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West Sacramento motel residents remember neighbor killed by big rig

Bill Mitchell and residents of the Granada Inn gather Sunday at West Capitol Avenue for a candlelight vigil for their friend, Steven Royster, who was struck and killed by a big rig on April 3. Royster had lived at the Granada Inn for a year and was a “good Samaritan and a good tenant,” Mitchell said.
Bill Mitchell and residents of the Granada Inn gather Sunday at West Capitol Avenue for a candlelight vigil for their friend, Steven Royster, who was struck and killed by a big rig on April 3. Royster had lived at the Granada Inn for a year and was a “good Samaritan and a good tenant,” Mitchell said. aseng@sacbee.com

The residents of the Granada Inn off I-80 in West Sacramento gathered around the motel’s sand-filled swimming pool Sunday night, before starting a short vigil down West Capitol Avenue.

They don’t have much; some stay at the motel for months or years because they can’t afford to live elsewhere. But the longtime residents look out for each other, and one of their own had died. They were determined to remember him.

A big rig struck and killed Steve Royster, 62, on April 3 at 2 a.m. in the 4700 block of West Capitol Avenue. The distraught driver stopped and was cooperative with officers, said West Sacramento police Sgt. Roger Kinney.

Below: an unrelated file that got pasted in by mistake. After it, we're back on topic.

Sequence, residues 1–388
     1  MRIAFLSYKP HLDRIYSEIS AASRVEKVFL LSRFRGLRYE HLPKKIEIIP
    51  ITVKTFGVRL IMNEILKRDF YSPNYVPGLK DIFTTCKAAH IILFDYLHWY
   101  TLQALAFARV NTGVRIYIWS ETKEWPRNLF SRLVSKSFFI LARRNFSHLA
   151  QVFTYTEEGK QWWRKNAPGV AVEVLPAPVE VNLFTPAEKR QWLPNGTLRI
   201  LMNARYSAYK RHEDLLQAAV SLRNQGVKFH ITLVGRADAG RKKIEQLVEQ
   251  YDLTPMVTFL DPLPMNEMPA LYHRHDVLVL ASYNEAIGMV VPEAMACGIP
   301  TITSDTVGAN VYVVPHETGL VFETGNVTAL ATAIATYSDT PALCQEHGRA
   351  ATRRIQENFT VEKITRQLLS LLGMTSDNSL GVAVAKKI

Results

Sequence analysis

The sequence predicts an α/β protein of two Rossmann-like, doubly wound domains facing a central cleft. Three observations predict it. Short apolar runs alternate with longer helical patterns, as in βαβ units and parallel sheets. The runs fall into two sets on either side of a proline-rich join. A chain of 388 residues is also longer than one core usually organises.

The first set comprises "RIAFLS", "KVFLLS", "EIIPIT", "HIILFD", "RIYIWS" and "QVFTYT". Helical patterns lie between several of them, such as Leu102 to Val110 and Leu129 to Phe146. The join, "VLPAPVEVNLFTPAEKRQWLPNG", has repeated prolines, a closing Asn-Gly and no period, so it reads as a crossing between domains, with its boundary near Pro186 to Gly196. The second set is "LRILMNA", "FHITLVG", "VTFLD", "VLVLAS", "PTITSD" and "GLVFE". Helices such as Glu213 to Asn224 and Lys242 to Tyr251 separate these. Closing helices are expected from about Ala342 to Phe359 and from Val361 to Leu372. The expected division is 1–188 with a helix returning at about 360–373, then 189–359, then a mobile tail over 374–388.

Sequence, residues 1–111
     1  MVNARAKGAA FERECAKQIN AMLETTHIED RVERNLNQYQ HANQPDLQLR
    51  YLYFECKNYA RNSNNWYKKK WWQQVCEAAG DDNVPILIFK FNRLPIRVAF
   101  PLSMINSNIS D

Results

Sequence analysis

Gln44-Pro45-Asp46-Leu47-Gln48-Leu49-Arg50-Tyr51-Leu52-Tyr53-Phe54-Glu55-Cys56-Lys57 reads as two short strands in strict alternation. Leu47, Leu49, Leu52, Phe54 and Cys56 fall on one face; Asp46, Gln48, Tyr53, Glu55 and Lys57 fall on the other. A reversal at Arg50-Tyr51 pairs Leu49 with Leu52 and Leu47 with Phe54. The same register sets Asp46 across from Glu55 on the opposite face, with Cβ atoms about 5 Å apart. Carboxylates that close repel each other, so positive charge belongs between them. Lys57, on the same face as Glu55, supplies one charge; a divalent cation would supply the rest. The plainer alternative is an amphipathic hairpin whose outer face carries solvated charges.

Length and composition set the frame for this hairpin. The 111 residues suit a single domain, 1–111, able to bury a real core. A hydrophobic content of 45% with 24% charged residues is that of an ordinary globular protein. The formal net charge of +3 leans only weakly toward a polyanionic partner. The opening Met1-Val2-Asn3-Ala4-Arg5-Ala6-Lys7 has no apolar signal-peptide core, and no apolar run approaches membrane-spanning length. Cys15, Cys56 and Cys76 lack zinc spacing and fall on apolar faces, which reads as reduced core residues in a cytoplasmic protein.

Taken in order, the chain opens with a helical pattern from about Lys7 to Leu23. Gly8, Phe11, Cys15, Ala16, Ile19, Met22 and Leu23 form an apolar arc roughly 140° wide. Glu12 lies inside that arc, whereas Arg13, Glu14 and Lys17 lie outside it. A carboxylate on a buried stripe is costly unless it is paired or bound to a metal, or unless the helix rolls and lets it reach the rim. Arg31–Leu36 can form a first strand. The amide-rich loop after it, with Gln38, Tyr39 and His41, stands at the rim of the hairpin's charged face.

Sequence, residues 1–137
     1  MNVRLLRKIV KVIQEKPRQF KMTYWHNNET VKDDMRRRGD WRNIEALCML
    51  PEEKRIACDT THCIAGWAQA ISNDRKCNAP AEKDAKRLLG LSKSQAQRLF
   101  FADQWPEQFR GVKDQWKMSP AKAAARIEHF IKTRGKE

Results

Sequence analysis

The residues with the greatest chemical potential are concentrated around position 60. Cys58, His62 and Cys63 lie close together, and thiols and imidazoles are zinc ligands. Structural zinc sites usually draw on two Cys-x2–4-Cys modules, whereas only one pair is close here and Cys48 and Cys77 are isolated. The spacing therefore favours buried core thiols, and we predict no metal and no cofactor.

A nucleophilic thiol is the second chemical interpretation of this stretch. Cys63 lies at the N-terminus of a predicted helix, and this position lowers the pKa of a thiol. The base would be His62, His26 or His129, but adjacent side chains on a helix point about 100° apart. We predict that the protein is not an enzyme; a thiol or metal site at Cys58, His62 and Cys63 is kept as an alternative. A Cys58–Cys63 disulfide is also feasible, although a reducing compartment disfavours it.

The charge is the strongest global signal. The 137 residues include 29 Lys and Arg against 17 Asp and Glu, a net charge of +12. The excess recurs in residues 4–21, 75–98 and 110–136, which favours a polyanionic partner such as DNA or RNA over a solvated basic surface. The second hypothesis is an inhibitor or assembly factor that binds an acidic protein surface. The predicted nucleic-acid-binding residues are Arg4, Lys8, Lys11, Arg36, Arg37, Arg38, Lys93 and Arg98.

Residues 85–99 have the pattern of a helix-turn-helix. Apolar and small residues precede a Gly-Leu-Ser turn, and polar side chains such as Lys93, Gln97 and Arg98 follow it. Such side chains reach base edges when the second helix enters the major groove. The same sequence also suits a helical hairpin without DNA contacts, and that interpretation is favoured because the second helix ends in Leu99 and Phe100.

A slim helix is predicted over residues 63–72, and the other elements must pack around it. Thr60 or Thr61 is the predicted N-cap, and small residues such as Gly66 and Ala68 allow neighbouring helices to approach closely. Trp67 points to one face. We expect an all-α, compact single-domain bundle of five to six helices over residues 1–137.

Royster had lived at the motel with his wife, Sandy, for almost a year.

A former driver for a courier service, Royster lost his job about a decade ago when he became ill, Sandy Royster said. His illness was akin to dementia, she said, but neither she nor the other residents could name it. They all agreed he had trouble walking and would often fall down.

His relatives wanted Royster in a nursing home, but he wouldn’t hear of it, his wife said. He wasn’t always happy at the Granada Inn, she said, but he could forget his problems for awhile when hanging out with friends and talking about motorcycles, hunting or fishing.

Sandy Royster said her husband’s death was an accident. “He lost his balance like he always did,” she said. “If there wasn’t a handhold, he couldn’t pull himself up.

“Usually, he’d holler for help. He’d yell, ‘Sandy, help me.’ I know he was calling me.”

She wrote a card to him. It sits on their dresser. “I love you, baby,” it says. “See you in heaven one day.”

About 10 people took part in the vigil, walking about 150 yards to a spot close to where he died. Standing in near darkness amid the drone of the nearby interstate, they gathered in a circle on the shoulder of West Capitol and lit their candles.

“Thank you, Steve, for the life you gave us,” Bill Mitchell said. “For the fun, the laughs. We will never forget you.”

Call The Bee’s Phillip Reese, (916) 321-1137.

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